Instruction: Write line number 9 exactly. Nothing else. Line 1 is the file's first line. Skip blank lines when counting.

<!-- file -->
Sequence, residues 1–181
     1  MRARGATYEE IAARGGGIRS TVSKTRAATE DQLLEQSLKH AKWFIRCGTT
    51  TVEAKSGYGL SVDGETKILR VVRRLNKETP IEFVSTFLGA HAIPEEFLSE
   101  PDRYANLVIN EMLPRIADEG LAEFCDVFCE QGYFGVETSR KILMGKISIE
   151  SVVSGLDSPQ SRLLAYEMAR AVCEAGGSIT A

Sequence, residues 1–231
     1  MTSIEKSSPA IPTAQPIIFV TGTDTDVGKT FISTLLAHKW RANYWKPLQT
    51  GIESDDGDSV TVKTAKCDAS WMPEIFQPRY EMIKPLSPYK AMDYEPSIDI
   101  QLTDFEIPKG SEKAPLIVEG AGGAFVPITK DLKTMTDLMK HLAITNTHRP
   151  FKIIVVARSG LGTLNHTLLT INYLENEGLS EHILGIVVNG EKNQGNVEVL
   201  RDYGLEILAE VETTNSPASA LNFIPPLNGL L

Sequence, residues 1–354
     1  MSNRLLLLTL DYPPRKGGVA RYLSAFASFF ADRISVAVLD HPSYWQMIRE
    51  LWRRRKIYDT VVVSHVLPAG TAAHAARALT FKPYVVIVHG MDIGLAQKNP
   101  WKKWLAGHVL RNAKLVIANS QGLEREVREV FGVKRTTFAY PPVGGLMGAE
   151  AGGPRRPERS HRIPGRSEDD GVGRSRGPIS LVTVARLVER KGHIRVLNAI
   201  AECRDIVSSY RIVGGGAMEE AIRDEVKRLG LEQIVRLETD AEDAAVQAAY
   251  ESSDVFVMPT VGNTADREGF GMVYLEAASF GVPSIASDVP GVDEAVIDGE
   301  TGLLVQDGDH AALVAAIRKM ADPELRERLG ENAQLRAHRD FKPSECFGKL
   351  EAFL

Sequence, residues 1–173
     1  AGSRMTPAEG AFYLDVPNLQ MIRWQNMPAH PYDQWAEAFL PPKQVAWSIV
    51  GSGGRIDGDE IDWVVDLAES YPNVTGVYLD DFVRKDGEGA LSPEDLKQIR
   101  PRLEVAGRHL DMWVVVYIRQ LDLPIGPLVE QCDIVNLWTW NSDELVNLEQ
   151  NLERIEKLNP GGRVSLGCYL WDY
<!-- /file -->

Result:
   101  QLTDFEIPKG SEKAPLIVEG AGGAFVPITK DLKTMTDLMK HLAITNTHRP